In early January 2010, Kennie Pan a.k.a. knpan observed an interesting behaviour of a Long-tailed Shrike (Lanius schach) in Singapore. The bird suddenly flew to a grassy area and caught a lizard. It brought the prey back to a thorny palm where it impaled it on a long, sharp spine (above). Then the shrike attacked the carcass (below), bringing it back to its chicks in the nearby nest.
The Long-tailed Shrike is a common resident in Singapore. Although a songbird, it behaves like a raptor when hunting. As with other shrikes, it has the habit of impaling preys on sharp thorns, thus they are commonly known as ‘butcher birds’.
The bill of the shrike is short and sharp, hooked at the tip. This Long-tailed Shrike shrike has a ‘cross bill’ – probably a birth defect, according to ornithologist Wang Luan Keng (left). Check out an earlier post on deformed bill in the Oriental Pied Hornbill (Anthracoceros albirostris) and other species HERE to understand this unusual condition.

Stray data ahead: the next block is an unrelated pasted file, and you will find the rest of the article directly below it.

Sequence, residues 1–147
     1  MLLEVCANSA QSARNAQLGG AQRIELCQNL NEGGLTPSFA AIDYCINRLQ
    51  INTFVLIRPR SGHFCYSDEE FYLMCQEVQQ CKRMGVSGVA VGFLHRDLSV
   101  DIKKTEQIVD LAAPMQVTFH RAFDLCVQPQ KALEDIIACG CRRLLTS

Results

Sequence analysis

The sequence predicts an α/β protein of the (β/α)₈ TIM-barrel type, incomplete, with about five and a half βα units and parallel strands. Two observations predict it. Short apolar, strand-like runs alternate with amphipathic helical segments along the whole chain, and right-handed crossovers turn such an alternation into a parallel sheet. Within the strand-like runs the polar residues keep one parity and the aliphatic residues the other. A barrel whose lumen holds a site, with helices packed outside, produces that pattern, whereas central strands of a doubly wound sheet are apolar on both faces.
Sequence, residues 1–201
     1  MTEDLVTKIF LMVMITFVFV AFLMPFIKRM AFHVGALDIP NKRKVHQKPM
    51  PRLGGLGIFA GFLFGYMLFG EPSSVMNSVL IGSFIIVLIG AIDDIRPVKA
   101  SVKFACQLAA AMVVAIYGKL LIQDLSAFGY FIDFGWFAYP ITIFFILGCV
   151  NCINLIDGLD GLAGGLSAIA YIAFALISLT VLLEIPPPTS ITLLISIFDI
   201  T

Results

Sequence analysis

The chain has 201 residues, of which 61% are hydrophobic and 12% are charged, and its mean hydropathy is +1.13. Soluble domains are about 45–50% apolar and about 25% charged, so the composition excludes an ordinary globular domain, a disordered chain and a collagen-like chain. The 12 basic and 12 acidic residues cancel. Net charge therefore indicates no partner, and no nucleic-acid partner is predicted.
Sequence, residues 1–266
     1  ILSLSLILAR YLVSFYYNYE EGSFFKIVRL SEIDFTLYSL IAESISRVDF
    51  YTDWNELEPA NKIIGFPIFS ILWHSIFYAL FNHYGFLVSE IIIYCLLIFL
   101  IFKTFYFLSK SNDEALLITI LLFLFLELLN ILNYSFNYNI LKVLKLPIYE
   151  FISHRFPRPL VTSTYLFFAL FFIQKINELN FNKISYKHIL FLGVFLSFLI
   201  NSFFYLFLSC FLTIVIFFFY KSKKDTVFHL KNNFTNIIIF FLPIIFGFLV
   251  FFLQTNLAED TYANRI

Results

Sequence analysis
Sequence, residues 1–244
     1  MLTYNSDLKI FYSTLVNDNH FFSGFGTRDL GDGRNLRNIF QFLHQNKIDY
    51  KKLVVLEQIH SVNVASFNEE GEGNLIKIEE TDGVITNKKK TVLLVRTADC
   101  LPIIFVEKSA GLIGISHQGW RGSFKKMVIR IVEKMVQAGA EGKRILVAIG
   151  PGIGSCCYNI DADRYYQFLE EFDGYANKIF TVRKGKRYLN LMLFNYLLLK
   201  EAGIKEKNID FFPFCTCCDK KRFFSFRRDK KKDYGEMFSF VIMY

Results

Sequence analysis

The diet of these shrikes consists of large insects and small vertebrates that include songbirds, reptiles, rodents and even mammals. Although they generally capture small preys, there were instances when they caught and kill animals up to five times as large as their own body size. Like raptors, owls and a few other birds, shrikes cast pellets consisting of indigestible parts of the prey like bones, fur, skin and feathers.
Three years ago we posted a Tiger Shrike (Lanius tigrinus) dismantaling a scarab beetle.
We also mentioned that there had not been any local report of a shrike capturing a vertebrate prey or a photograph of a prey impaled by the bird. Thanks to Kennie we now have photographic evidence of the Long-tailed Shrike impaling its prey.
This post is a cooperative effort between NaturePixels.org and BESG to bring the study of bird behaviour through photography to a wider audience.